My dog and I enjoy going for walks through the city at midnight. We don’t have any particular attraction to the witching hour, but rather we have an anti-social streak. It’s specific, not widely misanthropic: we want to avoid other dog people. Some dogs are nicer than others, but it’s even truer that some dog owners are more unpleasant than even the most unfriendly of dogs. Our time and route through the city are strategically planned to avoid the weirder dog owners.
In cities and some towns across Canada, the ongoing war between children and dogs has resulted in the creation of kids’ parks and dog parks. Lest there be any fraternization or sharing of sensitive files between the two solitudes, Berlin-style walls and fences often separate each zone. Dog owners tend to take a keen ownership of these small patches of land because it is their hard-won territory (dog parks being the third rail of municipal politics). And because dogs and their owners congregate in the same place, you tend to see the same people, and dogs, every day—
almost like a family.
And like any family, the dog park is full
of people you’d rather not see. There are the self-appointed park police, who will tell you your dog barks too much, runs too much, or intimidates the other dogs with its colourful knit sweater. If you look even a bit distracted while your dog is doing its thing, you might be passive-aggressively told that your dog is, in fact, doing its duty— without any of the polite euphemisms Canadians usually employ when discussing anything toilette-related. The moral code in the dog park is so tough that you can actually be chastised before you fail to stoop and scoop.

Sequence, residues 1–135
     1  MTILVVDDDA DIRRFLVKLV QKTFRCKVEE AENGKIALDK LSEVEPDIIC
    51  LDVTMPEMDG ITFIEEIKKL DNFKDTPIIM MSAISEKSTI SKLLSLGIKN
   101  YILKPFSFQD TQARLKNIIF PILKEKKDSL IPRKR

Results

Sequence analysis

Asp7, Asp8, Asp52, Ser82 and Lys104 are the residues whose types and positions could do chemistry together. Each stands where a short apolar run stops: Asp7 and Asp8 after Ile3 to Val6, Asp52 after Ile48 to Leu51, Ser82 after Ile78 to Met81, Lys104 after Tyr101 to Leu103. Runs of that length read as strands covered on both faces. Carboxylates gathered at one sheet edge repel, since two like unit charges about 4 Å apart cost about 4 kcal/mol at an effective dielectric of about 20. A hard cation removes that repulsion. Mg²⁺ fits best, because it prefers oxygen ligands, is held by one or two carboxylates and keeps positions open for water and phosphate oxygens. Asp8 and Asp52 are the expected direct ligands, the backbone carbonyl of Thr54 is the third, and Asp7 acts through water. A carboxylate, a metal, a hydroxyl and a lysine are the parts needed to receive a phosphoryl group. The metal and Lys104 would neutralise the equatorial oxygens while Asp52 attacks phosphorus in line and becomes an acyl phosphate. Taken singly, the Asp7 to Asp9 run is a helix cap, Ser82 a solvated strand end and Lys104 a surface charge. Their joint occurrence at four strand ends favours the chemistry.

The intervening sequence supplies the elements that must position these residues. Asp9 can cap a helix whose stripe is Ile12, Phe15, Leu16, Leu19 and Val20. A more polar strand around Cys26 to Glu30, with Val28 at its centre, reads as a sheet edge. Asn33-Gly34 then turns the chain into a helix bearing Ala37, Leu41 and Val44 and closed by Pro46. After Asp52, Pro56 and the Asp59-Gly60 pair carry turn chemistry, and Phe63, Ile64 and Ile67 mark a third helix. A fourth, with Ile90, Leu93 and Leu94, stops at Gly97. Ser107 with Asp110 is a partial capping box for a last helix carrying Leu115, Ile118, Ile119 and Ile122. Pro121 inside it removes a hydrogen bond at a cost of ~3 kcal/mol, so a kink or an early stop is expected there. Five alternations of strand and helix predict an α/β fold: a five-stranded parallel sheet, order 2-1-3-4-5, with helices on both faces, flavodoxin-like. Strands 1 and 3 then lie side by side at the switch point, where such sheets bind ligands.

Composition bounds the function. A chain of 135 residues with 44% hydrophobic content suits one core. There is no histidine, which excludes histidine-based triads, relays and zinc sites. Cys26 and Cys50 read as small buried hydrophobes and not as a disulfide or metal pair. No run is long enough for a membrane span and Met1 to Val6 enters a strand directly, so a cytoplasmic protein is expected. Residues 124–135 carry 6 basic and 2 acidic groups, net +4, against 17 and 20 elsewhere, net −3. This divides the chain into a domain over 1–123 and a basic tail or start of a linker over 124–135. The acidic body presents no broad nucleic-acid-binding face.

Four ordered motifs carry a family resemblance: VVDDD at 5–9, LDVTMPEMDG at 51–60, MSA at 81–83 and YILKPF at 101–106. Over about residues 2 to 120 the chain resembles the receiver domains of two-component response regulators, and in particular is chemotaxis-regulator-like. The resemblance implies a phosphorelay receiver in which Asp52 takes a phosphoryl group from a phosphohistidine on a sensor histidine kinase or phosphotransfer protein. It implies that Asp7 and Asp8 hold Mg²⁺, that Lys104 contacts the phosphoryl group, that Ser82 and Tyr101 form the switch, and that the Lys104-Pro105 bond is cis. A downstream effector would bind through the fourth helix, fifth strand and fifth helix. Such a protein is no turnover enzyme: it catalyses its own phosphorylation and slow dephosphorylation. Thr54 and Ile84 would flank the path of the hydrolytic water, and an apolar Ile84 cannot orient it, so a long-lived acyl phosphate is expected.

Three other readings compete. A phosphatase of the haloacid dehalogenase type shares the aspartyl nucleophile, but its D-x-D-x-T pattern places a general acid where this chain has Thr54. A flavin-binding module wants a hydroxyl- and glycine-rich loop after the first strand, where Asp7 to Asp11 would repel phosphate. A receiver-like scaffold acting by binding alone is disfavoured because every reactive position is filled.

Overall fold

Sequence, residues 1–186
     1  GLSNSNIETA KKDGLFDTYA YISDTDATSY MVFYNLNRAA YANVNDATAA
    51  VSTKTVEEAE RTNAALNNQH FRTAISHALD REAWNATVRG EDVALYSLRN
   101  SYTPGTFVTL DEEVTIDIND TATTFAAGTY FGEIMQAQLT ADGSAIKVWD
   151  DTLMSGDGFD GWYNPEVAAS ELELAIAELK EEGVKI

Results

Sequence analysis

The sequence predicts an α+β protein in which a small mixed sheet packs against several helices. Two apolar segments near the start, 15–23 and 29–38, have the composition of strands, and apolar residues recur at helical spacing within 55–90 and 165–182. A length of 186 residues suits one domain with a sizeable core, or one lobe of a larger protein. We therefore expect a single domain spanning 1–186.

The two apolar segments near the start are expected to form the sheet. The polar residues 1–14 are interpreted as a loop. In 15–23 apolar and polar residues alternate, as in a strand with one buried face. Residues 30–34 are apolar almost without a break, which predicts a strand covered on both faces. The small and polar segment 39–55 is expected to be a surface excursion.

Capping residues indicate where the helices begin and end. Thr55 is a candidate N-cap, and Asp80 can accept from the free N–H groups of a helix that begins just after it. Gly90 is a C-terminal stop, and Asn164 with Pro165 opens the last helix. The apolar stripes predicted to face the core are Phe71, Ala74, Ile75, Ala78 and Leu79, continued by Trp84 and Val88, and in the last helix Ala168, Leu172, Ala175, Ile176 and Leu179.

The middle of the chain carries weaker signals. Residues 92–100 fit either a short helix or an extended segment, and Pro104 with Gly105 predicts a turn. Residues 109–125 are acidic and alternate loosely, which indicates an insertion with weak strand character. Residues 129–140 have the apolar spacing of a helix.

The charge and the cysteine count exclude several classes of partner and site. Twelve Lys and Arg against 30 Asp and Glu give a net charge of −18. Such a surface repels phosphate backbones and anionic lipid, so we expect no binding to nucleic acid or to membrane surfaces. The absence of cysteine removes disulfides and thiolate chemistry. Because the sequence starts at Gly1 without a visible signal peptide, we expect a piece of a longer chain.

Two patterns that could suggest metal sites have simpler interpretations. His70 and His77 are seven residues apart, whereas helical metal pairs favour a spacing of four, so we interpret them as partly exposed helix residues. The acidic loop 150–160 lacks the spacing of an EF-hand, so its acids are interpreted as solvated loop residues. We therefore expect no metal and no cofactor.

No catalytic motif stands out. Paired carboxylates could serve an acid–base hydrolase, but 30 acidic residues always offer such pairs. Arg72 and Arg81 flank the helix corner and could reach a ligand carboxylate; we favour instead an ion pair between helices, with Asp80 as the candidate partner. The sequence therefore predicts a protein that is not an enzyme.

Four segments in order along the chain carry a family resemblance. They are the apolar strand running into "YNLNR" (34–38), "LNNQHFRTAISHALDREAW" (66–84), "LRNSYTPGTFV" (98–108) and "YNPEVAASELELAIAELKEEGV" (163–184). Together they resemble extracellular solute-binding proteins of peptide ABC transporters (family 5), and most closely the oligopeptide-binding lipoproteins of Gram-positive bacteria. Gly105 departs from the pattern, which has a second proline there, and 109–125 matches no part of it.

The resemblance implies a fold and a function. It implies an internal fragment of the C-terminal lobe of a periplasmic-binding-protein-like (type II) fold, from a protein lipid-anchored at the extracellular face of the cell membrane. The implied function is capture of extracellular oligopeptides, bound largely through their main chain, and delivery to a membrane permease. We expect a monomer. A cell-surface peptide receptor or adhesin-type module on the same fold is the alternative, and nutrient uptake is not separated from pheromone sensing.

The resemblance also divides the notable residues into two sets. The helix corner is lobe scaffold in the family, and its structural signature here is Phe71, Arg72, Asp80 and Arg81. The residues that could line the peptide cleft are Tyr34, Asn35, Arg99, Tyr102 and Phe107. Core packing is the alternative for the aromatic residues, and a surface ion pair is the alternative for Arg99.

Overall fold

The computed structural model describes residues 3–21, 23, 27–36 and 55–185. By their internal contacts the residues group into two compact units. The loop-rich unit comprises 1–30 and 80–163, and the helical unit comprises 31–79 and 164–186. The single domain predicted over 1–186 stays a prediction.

In extreme cases, one wonders if the neurosis is not only spread from owner to owner, but from owner to dog as well. These made-for-each-other human-canine couples are given considerable real estate as they argue over who’s going to go get a Frisbee, like long-married bickering spouses (the dog
usually wins and the human fetches). We also give space to the man who is always trying to hand out his flyers opposing the oppres- sion of pit bull terriers. Although his own pit bull is about as sweet as a dog can come, his in-park lectures and the conspiracy-theory prose on his flyers are reason to pretend you’re in a fierce argument with your own dog over a Frisbee.
Outside of the park, there are some odd rules as to where you can and can’t take your dog for a walk in a city. You can’t bring your dog into a restaurant, unless you live in Paris; nor can you bring your furry friend into most shops, unless it’s on the higher end of the retail spectrum. Years of seeing videos and photos of Paris Hilton, Zsa Zsa Gabor, and Elizabeth Taylor out buying fancy things with their miniature canines has meant that dog parks extend into Holt Renfrew.
And so, all the more impetus for us to walk at midnight, when the parks remain our peaceful, uncontested weirdo-free heaven.